LSU, Ohio State, Clemson and Georgia gave the College Football Playoff selection committee an easy task this week, at least at the top of the rankings: All four won Saturday, solidifying their spots for the second straight week when the weekly rankings were released Tuesday night.
The question, then, remains which team will rise should one of those teams falter over the season's final weeks. (And considering that LSU and Georgia are likely to meet in the SEC championship game, one of those teams indeed will falter.)
Will it be No. 5 Alabama, which probably won't even play in its conference championship game and will move forward without star quarterback Tua Tagovailoa, who's out of the season with a hip injury suffered in Saturday's win over Mississippi State? No. 6 Oregon and No. 7 Utah will have a case should either emerge from the Pac-12 with just one loss, as will No. 9 Oklahoma and No. 14 Baylor(substitute Big 12 for Pac-12). No. 8 Penn State and No. 10 Minnesota also linger on the fringe, though both have tough roads ahead; the Nittany Lions will be somewhere around 18-point underdogs Saturday at Ohio State.
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The top 10
Here's the path to the playoff for the top 10, with the full rankings listed below:
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Here's a look at three things that could happen, based on their varying levels of chaos:
LSU, Ohio State and Clemson win out, giving the committee little to think about apart from seeding with regard to those three teams.
Without Tagovailoa, Alabama falters against Auburn to end its regular season.
A one-loss champion, either Oregon or Utah, emerges from the Pac-12 to fill out the bracket.
LSU, Ohio State, Clemson and the Pac-12 winner (Oregon or Utah) are your College Football Playoff teams. A one-loss Big 12 champion would have an argument, but neither Oklahoma nor Baylor looked great down the stretch.
LSU and Georgia both win out to close the regular season, but Georgia beats LSU in the SEC championship game. Alabama wins out with a backup quarterback to finish with one loss.
Ohio State loses to Penn State but beats Michigan. Penn State defeats Rutgers to end the season and advances to the Big Ten title game. Minnesota loses to Wisconsin, which advances to the Big Ten championship game. The Badgers defeat the Nittany Lions, giving the Big Ten a two-loss champion but a one-loss non-champion, just like the SEC.
Clemson has the easiest path. Let's assume the Tigers win out to finish undefeated.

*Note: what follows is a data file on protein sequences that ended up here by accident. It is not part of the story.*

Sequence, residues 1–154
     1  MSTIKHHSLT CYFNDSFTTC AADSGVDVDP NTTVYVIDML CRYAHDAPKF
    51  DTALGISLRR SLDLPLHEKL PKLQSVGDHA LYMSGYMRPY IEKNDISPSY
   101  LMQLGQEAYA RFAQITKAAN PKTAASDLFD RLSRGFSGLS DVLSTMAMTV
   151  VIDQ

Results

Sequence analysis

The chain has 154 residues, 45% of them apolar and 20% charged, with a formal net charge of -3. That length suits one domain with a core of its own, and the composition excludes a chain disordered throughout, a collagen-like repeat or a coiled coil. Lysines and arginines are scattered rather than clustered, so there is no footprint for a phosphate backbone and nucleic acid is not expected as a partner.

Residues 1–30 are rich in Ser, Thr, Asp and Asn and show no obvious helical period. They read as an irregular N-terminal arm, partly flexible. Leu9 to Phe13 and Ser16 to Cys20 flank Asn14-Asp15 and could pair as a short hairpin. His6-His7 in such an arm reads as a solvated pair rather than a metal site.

A one-loss champion emerges from both the Pac-12 and Big 12.
This scenario gives us three one-loss SEC teams - Georgia, LSU and Alabama - and one has to think the Crimson Tide would be the odd team out. So pencil in Georgia, LSU and Clemson. The committee would then have to choose between Ohio State, Oklahoma or Baylor, and Oregon or Utah. Considering Ohio State's dominance this season, the Buckeyes would seemingly have the edge. It would echo the 2017 season, when Alabama didn't make the SEC championship game but still got into the playoff with one loss.
All hell breaks loose
LSU loses to Texas A&M. Alabama wins out. Georgia also loses to Texas A&M but then beats Georgia Tech and then LSU in the SEC title game, leaving Alabama as the sole one-loss SEC team (without its star quarterback).
Clemson loses to South Carolina or in the ACC title game, making the Tigers a one-loss team with an underwhelming strength of schedule.
Penn State beats Ohio State, which then beats Michigan to end the regular season. Minnesota closes the regular season with two wins. The one-loss Gophers beat the Nittany Lions again in the Big Ten title game.
Utah loses to Arizona or Colorado, and Southern Cal beats UCLA, giving the Trojans the Pac-12 South title. Four-loss USC then beats Oregon in the conference title game, ensuring everyone from the Pac-12 has at least two losses.
The Big 12 champion - let's assume it's Oklahoma or Baylor - finishes with two losses.
What's the playoff field then? Alabama (11-1 in this scenario), Clemson (12-1), Ohio State (11-1) and Minnesota (12-1)? Alabama, Ohio State, Minnesota and LSU (11-2)? Alabama, Ohio State, Minnesota and Georgia (11-2)? Clemson, Ohio State, Minnesota and Georgia? Basically, it would boil down to how the committee regards a two-loss SEC champion, and/or whether a one-loss Alabama (which couldn't even win its division) playing with a second-string quarterback is more worthy than a one-loss Clemson (which played an easy schedule).